The trick is to get close enough to the planet so there’s enough drag to cause an effect. Close, but not too close: without enough clearance from the planet, there is too much drag, damaging the spacecraft, or worse yet, causing a crash. Aerobraking requires careful control of this clearance.

In most circumstances, clearance is a buffer from disaster. Yet often, we are in circumstances where there’s no way around getting too close for comfort, so controlling clearance is crucial for success. Likewise, controlling clearance comes up with profilers on oceanographic moorings, too. In relatively shallow water areas, it’s a common goal to profile as much of the water column as possible. But wave-powered profilers won’t work at all if the downweight on the mooring comes in contact with the seabed. In this article, we’re going to cover several points controlling downweight clearance from the seabed:

  1. water depth accuracy
  2. tidal effects
  3. wave effects

First, we’re going to cover confirming water depth on site.

Simulated Venus Express aerobraking maneuver: orbit adjustment completed with hundreds of passes. Picture Credit: Ryan’s co-op work term report from 20 years ago

Water depth is a crucial input to any mooring design

The more shallow the site, the more critical it is to know the depth accurately. It is double critical for wave-powered profilers in these conditions. If you want to profile a decent fraction of the water column, the downweight has to keep clear of the seabed, or the profiler will stop working.

It’s OK to start sizing out a mooring for a project with only a rough idea of the water depth, like chart data or measurements from a nearby site. But the closer that downweight is to the seabed, the more critical it is to measure the water depth at the deployment site itself accurately. Checking the depth ahead of deployment is good. Still, it’s also worth confirming the water depth at the moment of actual deployment. There’s no reason to deploy the mooring if something has changed at the site, and you can’t be sure the mooring downweight will be clear of the seabed. In most places, the water depth doesn’t change too much, but that’s not the only thing affecting the downweight clearance. This brings us to the second point affecting downweight seabed clearance on tidal effects.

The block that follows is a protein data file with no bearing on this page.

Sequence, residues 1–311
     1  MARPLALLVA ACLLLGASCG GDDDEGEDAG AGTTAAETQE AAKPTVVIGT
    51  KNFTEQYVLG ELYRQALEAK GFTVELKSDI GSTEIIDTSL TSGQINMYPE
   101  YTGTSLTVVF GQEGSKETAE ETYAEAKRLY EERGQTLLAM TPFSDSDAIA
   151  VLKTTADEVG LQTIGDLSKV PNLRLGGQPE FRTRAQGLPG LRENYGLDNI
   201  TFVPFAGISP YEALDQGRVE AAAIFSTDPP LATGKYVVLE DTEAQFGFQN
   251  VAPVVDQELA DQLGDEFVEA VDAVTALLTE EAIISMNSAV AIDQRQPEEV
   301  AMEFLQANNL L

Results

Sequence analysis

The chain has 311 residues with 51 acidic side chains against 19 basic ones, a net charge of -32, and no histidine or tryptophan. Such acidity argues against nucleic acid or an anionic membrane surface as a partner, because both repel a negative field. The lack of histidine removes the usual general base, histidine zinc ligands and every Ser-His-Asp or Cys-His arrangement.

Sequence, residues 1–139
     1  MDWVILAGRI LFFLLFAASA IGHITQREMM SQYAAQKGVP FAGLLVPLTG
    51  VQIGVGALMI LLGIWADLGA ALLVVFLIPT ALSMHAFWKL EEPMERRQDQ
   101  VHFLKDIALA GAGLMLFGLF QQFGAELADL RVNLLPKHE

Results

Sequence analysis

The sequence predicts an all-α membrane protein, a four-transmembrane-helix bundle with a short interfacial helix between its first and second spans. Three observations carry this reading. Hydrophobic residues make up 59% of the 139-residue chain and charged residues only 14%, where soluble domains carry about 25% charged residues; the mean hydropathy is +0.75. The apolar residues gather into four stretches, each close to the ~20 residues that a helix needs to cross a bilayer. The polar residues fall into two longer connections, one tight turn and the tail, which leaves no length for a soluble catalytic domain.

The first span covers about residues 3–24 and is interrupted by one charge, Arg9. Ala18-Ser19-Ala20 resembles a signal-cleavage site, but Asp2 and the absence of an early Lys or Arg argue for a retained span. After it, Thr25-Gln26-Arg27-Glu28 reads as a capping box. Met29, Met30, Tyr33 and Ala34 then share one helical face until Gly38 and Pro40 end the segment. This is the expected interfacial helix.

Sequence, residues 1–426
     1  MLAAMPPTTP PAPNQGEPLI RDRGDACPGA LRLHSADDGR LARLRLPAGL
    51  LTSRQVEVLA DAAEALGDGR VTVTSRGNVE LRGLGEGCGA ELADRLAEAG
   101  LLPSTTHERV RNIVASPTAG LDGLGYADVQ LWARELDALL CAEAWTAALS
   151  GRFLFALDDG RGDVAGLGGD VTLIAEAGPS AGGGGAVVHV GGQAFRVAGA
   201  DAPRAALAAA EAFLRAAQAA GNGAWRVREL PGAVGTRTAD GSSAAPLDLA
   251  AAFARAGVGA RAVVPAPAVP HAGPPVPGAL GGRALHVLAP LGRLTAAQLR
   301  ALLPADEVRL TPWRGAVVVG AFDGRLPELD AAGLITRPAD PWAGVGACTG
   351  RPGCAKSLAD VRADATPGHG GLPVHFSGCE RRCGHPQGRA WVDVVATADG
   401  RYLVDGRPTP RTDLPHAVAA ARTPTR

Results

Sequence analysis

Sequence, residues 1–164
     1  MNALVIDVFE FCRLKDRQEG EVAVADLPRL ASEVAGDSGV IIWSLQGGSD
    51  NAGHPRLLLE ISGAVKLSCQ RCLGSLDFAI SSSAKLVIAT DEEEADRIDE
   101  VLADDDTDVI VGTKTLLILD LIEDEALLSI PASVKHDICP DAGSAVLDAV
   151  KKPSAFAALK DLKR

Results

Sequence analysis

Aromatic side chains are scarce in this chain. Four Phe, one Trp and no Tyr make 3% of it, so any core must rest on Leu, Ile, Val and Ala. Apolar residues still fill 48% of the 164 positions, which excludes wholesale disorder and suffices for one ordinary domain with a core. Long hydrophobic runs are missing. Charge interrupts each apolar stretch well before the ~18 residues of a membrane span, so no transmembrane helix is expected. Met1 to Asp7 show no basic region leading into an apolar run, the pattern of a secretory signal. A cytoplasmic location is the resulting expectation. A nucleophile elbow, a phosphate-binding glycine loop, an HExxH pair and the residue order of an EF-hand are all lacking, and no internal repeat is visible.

The tidal effects are very site-specific

There may not be much tidal variation in water depth in many places. In this case, tidal variation might be accounted for with a meter or two of downweight clearance. But surprising things can happen, especially in coastal areas. Tidal cycles are many hours in length. Suppose the water level drops enough that the downweight is sitting on the seabed. In that case, you might end up with similarly many hours of gaps in your profiler data record.

Typically, there’s enough regional information on tidal height variation that you can gauge how much change there might be. Tidal changes take place over many hours, but they aren’t the only environmental factor to consider. This brings us to the last point affecting downweight seabed clearance on the effect of ocean surface waves.

Wave-powered profiler mooring: A) Profiling range B) Downweight C) Downweight clearance from seabed. The downweight clearance from the seabed is crucial to ensure the wave-powered profiler continues to work. Water depth alone is not enough to ensure this clearance: the effects of tides and ocean waves should be accounted for, too

Like tidal effects, ocean waves will be very site-specific

Protected coastal areas may not have much in the way of wave action. On the other hand, fully exposed offshore locations may regularly see extreme sea states. The specific location, seasonal variation, and length of the mooring deployment factor into the size of sea state to expect at the profiler deployment location. Typically, a sea state is characterized by spectrum or at least a significant wave height. A quick way to assess the downweight clearance is to use a factor of the significant wave height.

A crude rule of thumb for a maximum wave expect in a particular sea state is two times the significant wave height. Since many profiler mooring buoys are lightweight and track the water surface closely in most sea state conditions, this can translate directly to downweight motion and the resulting effect on downweight clearance. Of course, this is a rough rule of thumb. Though a good starting point, you can always incorporate a more detailed check on the downweight clearance in a dynamic analysis program like ProteusDS Oceanographic.

In summary

Water depth, tidal effects, and wave effects must be accounted for when sizing up the downweight clearance from the seabed. The easy and conservative approach is to add up the impact of wave and tidal action on the water depth to ensure you have enough downweight clearance from the seabed. While this gives you a guideline to get started, it is the minimum clearance to consider. The consequence of losing data or damaging components has to be factored into the risk assessment for each project, too!

Next step

Explore a typical Del Mar Oceanographic WireWalker mooring using the free ProteusDS Oceanographic sample case here. Evaluate the impact on downweight in different wave conditions and investigate clearance yourself using ProteusDS Oceanographic.


Read more on the final stages of the Venus Express mission, including the results of the aerobraking maneuver and new data produced from it here.